Playful Biting vs. Aggressive Biting: How to Tell the Difference

Playful Biting Vs. Aggressive Biting: How To Tell The Difference

As a pet parent, whether new or old, one thing you must know about dogs is that they love to play. And sometimes, this playful nature can look serious and threatening when you observe them at it from a distance. From running, to puppy play biting and barking and chasing, dogs exhibit a lot of high energy when engaged in play.

If you’re not experienced in dog behavior, you could mistake it for being aggressive or offensive. Therefore it’s important to know when your pup is engaged in puppy playful biting and when it’s something more dangerous.

Having the right information could mean the difference between keeping your dog and yourself safe and being exposed to harm. To be clear, puppy playful biting is completely different from aggressive biting. However, things can change quickly if prolonged rough play isn’t broken up conclusively.

Signs of Playfulness in a Dog

If a dog is playing, its body language is completely different from when it’s being truly aggressive. The signs are often evident simply from looking at the displays from the dog.

Here are some signs to look out for know a dog is playing:

  • High energy chasing
  • Playful bowing
  • Playful growling and barking
  • Taking turns to perform an act
  • Panting and jumping around
  • Playfully submissive body language
  • Eager to please and friendly disposition

Signs of Aggression in a Dog

A dog can display aggressive behavior without being a typically aggressive dog. A one-time display of a behavior can be more about mood at the time rather than the nature of the animal. For instance, a dog trying to protect itself against other dogs might need a bit of aggressive body language to keep them off. A dog growling at another for bad behavior could be a positive display of aggression and part of their body language communication. It doesn’t necessarily mean the dog is an aggressive one.

However, if a dog is fond of attacking, showing threatening displays, biting down to hurt another dog, then such behavior can be called aggressive behavior and must be stopped. If there’s a bite during such an altercation, it’s safe to consider it aggressive biting. As much as dogs play a lot, even harmless fun can deteriorate into aggressive encounters where one or both dogs can get harmed. It’s on you as a pet parent to break it off when this is noticed.

Here are some signs of threatening displays that can also lead to aggressive biting:

  • ‌Stiff bodied, raised tail

    If a dog is being aggressive, it shows in their stance and body language communication. Expect to see a stiffened raised tail and tightened body stance.

  • ‌Snarling

    A movement of the lip baring the teeth with low noise from the dog is a snarl. When a dog is disturbed by something, it might start snarling.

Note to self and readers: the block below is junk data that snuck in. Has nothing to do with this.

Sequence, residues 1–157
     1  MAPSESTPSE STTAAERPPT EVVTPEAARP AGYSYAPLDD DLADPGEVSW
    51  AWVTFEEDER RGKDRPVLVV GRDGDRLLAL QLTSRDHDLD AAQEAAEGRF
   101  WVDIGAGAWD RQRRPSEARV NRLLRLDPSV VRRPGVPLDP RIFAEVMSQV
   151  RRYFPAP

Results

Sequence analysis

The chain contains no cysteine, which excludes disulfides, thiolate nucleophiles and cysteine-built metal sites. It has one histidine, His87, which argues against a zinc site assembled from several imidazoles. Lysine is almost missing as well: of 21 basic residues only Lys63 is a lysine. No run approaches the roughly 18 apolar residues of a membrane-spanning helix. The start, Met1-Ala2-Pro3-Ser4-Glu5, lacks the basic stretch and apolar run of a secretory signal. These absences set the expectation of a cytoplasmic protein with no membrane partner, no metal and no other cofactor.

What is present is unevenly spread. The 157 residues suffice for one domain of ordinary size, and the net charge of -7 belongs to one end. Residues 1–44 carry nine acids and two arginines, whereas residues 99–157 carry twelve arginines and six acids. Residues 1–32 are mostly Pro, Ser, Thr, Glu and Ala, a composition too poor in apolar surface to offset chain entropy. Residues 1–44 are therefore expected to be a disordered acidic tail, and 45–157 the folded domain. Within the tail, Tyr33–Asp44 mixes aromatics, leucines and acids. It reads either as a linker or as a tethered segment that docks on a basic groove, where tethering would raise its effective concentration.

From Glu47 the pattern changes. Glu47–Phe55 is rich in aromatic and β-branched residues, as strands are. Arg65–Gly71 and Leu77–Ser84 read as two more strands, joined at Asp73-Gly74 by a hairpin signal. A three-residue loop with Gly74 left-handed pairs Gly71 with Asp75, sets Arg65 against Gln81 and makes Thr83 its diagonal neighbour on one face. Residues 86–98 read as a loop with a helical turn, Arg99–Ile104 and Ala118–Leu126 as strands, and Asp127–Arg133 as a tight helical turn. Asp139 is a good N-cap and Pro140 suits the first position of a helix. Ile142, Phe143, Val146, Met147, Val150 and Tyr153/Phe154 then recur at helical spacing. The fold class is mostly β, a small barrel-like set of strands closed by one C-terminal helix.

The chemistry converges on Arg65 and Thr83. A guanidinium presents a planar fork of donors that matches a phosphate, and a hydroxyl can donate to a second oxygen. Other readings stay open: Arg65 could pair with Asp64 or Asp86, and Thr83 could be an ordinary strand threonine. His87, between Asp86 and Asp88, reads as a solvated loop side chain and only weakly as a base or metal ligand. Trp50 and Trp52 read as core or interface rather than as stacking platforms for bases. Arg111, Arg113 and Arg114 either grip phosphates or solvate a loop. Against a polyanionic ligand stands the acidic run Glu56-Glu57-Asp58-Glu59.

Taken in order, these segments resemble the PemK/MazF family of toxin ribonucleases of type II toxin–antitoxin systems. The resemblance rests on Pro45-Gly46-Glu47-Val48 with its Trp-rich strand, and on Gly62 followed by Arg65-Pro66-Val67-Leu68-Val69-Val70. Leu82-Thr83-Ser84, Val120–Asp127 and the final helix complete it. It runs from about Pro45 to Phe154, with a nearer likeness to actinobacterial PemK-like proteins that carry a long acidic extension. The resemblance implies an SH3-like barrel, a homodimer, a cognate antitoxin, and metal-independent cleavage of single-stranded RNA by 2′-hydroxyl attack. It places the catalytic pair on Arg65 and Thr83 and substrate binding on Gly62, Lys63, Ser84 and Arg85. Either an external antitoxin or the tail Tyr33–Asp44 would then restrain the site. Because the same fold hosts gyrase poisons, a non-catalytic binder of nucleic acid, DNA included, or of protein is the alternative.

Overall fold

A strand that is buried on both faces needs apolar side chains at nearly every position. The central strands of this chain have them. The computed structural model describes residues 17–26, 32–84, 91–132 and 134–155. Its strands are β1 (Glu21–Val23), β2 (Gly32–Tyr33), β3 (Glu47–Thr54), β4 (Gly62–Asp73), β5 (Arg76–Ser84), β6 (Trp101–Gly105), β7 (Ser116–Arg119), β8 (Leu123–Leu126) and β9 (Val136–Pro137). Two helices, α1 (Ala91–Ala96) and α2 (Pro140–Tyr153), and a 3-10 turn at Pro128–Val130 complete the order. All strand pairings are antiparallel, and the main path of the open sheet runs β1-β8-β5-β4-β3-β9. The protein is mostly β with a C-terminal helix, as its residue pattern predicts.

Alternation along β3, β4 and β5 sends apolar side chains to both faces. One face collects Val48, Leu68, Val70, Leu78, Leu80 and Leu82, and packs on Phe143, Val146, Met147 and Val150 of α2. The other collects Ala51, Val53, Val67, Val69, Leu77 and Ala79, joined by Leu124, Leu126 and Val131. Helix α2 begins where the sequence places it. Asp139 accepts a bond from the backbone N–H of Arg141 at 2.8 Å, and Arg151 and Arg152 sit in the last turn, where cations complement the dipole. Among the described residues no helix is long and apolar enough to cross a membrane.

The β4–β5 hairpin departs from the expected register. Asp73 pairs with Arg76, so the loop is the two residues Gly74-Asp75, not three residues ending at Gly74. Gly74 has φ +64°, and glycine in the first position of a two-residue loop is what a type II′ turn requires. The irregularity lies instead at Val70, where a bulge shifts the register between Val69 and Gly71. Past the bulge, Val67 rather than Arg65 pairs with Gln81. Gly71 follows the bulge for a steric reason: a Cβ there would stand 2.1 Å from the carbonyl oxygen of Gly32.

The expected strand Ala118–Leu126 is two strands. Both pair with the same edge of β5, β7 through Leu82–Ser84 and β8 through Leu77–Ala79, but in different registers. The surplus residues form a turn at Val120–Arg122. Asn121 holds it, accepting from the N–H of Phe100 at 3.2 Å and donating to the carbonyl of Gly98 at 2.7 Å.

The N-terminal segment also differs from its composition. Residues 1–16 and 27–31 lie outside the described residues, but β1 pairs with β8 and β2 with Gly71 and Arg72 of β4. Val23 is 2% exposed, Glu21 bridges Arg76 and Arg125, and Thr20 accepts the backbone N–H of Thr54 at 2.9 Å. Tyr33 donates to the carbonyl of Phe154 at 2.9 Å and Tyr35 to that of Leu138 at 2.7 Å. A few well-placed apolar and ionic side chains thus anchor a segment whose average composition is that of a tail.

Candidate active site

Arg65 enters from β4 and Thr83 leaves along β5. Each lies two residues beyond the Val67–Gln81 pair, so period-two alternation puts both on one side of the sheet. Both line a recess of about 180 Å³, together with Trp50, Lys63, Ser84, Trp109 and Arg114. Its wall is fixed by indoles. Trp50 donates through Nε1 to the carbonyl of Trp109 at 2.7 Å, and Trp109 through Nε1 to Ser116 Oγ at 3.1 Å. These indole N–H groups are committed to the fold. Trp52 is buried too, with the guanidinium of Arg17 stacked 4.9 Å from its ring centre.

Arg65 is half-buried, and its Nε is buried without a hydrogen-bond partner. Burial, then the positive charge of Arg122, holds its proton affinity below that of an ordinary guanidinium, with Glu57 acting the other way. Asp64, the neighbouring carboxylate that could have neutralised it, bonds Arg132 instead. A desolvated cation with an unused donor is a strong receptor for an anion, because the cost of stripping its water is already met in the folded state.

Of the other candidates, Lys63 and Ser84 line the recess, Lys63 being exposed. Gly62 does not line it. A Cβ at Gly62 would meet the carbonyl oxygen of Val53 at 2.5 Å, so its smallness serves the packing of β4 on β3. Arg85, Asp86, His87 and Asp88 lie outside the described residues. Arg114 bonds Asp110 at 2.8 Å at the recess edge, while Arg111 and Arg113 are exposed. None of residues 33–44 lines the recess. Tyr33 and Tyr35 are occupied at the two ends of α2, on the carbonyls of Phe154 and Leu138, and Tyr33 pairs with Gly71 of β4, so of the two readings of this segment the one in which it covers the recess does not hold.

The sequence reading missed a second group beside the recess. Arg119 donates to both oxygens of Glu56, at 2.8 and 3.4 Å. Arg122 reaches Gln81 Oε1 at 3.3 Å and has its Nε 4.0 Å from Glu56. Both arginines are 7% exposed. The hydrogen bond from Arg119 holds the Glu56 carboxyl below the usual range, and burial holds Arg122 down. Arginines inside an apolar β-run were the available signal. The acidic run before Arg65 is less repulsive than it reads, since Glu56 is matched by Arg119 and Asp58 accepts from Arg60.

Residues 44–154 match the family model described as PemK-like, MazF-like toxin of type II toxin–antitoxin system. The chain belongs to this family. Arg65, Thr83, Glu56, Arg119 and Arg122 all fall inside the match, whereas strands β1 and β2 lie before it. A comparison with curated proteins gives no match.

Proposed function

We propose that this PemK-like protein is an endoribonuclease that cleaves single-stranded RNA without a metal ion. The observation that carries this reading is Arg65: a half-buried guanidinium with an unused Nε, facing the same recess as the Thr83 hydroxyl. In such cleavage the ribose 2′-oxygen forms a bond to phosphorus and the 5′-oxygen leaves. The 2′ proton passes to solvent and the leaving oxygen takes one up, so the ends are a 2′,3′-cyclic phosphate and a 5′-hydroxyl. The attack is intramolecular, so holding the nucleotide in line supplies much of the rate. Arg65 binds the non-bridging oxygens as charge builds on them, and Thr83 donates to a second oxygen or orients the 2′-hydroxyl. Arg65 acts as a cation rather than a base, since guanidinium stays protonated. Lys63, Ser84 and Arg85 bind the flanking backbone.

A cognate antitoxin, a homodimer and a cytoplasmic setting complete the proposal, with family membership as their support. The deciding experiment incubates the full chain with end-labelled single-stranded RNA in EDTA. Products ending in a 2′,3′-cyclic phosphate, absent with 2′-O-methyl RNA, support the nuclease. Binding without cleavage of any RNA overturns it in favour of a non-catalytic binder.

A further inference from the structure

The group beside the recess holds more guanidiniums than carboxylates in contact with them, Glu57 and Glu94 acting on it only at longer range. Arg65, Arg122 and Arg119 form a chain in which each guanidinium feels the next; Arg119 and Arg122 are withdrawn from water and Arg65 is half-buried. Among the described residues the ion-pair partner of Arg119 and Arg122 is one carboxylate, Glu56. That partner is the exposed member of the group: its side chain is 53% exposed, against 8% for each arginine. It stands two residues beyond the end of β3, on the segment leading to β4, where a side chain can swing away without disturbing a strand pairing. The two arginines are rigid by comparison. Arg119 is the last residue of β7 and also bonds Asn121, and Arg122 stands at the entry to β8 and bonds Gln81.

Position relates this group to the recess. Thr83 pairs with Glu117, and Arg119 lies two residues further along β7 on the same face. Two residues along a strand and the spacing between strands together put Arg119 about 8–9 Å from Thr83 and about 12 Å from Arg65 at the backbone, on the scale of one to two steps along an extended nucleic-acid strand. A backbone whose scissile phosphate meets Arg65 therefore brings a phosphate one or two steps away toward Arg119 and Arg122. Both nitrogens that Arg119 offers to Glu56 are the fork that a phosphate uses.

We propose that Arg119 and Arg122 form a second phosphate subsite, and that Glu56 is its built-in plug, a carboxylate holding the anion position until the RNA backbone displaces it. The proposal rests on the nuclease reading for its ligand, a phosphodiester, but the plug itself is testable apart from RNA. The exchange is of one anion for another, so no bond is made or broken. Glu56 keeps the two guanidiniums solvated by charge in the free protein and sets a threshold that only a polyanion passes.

• ‌Growling

    Growling loud with a tensed posture is a sign of a potential aggression by the dog.

  • ‌Cold stare

    A focused cold stare at a person or another dog isn’t a great sign. In most cases, a dog will attack shortly after doing this.

  • ‌Biting

    And of course, aggressive biting clearly shows the dog isn’t in play mode.

Getting Involved when Play Biting turns to Aggressive Biting

The most important step in stopping aggressive biting is to nip in the bud in the first place. How you may ask? It’s by socializing and training your pup in the right ways of dog behavior. This can be done by starting dog training and behavioral adjustments early enough when the dog is still a puppy. If done early, puppy play biting behavior can be stopped before it becomes reinforced in the dog.

Below are some effective ways to reduce biting in your dog, whether play biting or aggressive biting.

  • Early socialization and dog training creates the foundation of how a dog will behave through its lifetime. Connect with a certified dog trainer or Animal hospital in League City who can handle this need. Your dog can be socialized with other young pups and well-behaved adult dogs.
  • Observe and watch over your dog as much as possible whenever you’re available. Correct behaviors you don’t like or connect with a dog behaviorist for help.
  • Spay or neuter your dog at an early age to mitigate the effects of hormone-driven aggression. High testosterone levels can push male dogs to become super aggressive. Spaying and neutering counters this outcome.
  • Train your dog to behave well by using positive reinforcement. Treat your pup with kindness, love and patience, plus a lot of treats for good behavior and it will reward you with more of that behavior.

Puppy playful biting can be trained out of your dog before it degenerates to excessive biting with aggression as the pup grows to an adult dog. Following some of the steps listed in this post will keep your dog’s behavior positive and its well-being safe.

If you’d love to socialize your dog more, train out negative behavior and get it to act right in the presence of other dogs, other humans and yourself, hiring a certified dog behaviorist is the way to go.

Safarivet is dedicated to helping pet parents give their dogs a near perfect existence by taking care of your furry child physically, mentally and socially.

Get in touch with us today to learn more about our dog training services at Safarivet.

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